The epic "No Man's Land" is a track I can relate to both musically as well as historically, as I was being carried as a six-month old child across the Iron Curtain , in my father's shielding arms , as gunfire erupted when we were already in the 'killing zone' between Austria (freedom) and communist oppression in Hungary. Musically, all the emotions are surely entwined , woven in a variety of silky passages, from soft and gentle, to sentimental, to actively bellicose, almost King Crimson-ish (this is the newfangled addition in the Glass Hammer style) in the mid- and final sections. Rambling organ reminds us that KC was no keyboard virtuoso's showcase, but the gloom and doom are definitely "Bible Black". This eeriness is most welcome, as its gives the band new impetus while strictly adhering to the subject matter of this opus. The spoken word poetry is forlorn, despondent and imbued with the glacial droplets of fear and death. Easily one of GH's finest tracks, a modern, historic, propulsive and melancholic piece of music.

The title track introduces colossal symphonics in the form of pipe organ blasts, as in some kind of keyboard artillery barrage, elevating another exhausted soldier's voice, pleading from some respite, as if some nebulous mist has permeated the battlefield of sounds. There is a Beatles-like dreamy passage that presents another new facet to the growing GH sound palette.

Top of the class is "Fog of War", a gruesome assault on the prog senses, lavished with bass cannonades that bruise and concuss, an active Raulston drum kit that is used as a missile launcher of deadly and precise beats, tortuous sniper fire keyboard volleys and a fusillade of machine gun guitars that seek out and destroy. Vocalist Susie Bogdanowicz takes a larger part of the stage, fulfilling the wants of the fan base and the needs of the musicians. Steve Babb does sound like the sadly departed Squire but he also possesses a tone reminiscent of Peter Hook of New Order fame, by all accounts both very upfront and in your face bassists, for which we all should remain thankful that the crown is still being worn by the 'hidden ones'.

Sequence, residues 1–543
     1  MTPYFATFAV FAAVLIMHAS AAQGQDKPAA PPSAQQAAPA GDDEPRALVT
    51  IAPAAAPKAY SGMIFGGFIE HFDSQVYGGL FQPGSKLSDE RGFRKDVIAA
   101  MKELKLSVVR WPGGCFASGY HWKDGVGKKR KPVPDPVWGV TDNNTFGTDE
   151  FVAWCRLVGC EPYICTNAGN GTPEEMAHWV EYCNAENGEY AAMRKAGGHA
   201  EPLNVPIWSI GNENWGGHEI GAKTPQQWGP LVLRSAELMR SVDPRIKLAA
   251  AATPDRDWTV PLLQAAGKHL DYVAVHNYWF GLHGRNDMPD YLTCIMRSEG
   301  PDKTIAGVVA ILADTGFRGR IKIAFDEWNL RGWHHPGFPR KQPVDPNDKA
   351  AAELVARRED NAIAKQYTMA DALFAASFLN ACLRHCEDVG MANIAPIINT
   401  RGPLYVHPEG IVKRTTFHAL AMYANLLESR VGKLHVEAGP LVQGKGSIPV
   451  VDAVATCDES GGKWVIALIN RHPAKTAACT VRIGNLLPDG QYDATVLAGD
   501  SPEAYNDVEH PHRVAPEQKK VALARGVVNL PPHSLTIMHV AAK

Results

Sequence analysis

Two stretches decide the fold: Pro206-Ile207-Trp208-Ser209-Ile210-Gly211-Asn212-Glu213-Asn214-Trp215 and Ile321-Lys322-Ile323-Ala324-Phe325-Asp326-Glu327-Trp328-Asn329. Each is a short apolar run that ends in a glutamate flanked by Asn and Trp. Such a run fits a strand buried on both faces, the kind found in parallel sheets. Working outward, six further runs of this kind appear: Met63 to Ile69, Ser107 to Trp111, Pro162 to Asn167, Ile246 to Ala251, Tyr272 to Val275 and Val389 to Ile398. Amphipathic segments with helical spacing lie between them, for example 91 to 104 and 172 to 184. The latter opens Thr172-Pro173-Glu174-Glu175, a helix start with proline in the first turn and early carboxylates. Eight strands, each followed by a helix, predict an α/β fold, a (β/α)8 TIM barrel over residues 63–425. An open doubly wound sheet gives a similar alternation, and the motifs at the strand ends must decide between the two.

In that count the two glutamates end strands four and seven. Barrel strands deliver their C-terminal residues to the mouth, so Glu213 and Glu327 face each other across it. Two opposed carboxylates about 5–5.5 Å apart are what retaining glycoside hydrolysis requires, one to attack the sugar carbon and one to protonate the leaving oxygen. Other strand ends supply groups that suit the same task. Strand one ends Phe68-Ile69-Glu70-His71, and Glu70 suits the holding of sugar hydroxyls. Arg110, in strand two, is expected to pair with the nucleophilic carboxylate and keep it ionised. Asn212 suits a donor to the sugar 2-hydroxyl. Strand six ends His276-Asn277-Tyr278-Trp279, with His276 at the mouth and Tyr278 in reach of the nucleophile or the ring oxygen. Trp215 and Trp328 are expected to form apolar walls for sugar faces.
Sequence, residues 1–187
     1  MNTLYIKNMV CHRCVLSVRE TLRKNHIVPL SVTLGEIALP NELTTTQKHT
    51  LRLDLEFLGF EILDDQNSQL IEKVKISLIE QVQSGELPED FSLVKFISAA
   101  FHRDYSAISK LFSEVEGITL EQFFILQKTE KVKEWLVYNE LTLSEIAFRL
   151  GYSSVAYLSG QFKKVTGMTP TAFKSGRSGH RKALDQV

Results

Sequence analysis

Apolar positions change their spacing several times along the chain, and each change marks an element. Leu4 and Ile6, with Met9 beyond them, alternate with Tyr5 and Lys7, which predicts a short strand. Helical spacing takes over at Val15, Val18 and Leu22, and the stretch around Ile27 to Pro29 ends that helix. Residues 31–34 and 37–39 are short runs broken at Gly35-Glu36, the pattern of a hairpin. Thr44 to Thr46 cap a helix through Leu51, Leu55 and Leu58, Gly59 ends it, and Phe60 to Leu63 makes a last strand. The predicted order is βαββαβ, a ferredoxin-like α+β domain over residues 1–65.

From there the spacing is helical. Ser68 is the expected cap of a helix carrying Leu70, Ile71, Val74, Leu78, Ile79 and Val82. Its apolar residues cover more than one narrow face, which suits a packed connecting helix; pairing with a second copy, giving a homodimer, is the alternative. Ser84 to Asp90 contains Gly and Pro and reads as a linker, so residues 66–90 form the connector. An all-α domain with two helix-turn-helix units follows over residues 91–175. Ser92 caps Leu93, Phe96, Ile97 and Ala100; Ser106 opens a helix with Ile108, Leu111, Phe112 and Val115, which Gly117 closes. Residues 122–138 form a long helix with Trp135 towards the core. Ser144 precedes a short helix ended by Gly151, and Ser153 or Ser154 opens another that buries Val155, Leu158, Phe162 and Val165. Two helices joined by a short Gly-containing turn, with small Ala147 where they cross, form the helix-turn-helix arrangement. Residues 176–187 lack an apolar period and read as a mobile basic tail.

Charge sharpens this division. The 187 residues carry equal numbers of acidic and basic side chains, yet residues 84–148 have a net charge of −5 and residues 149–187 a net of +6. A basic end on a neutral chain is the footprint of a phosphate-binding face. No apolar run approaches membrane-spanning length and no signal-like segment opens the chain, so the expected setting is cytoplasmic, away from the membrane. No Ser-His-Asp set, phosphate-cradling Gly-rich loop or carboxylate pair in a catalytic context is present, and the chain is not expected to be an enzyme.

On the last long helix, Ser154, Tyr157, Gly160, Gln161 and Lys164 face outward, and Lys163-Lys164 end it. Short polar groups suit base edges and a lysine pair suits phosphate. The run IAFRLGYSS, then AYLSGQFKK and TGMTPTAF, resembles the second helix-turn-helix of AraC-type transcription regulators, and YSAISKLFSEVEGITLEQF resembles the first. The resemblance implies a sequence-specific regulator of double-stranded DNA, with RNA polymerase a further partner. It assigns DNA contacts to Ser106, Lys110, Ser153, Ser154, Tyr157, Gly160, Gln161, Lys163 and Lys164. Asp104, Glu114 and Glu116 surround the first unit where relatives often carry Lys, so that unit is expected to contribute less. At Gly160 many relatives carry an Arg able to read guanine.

Follow that up by the blissful epic "Dead and Gone", featuring a glory-draped vocal plaint from Bogdanowicz, spooky organ in tow slowly burning through the soul, the band sounds very much like fellow proggers Magenta, the voice neighbouring Christina Booth's , a vibrant compliment in my mind. The arrangement evolves into something raunchier in the mid-section, a dazzling organ solo at first and then a darker and heavier march into battle. A return to the solemnity of the opening minutes, deeply emotive and serene, displaying a sense of restraint that is again quite new to GH.

The short ballad "Eucatastrophe" is sizzling with ominous drippings, but the classical guitar leadership is given full value with a tearfully poignant Bogdanowicz rendition, gentle orchestrations for company. The second part is Jürgen Fritz-like organ plastering (sounding like vintage Triumvirat), sombre themes and desolate ending. This bleeds (pun) nicely into the stately "Rapturo", a demure nocturne that shows off tremendous sensitivities, symphonically morphing into a mellotron and drum concoction, slow and gentle, imperial and riveting. The sun sets melodically on an inspired performance, sourcing new motivations and innovative tweaks that show a band clearly progressing beyond its alleged limitations, as GH was often cruelly pilloried for being too close to a Yes clone, the Jon Davison episode certainly fueling the fire of unjust gossip. This trivial branding can now be buried in some appropriate military cemetery as GH has found a new level of creativity and a wider panorama of sounds. Really impressive release and harbinger of things to come.

4.5 Valhalla handmaidens

tszirmay | 5/5 |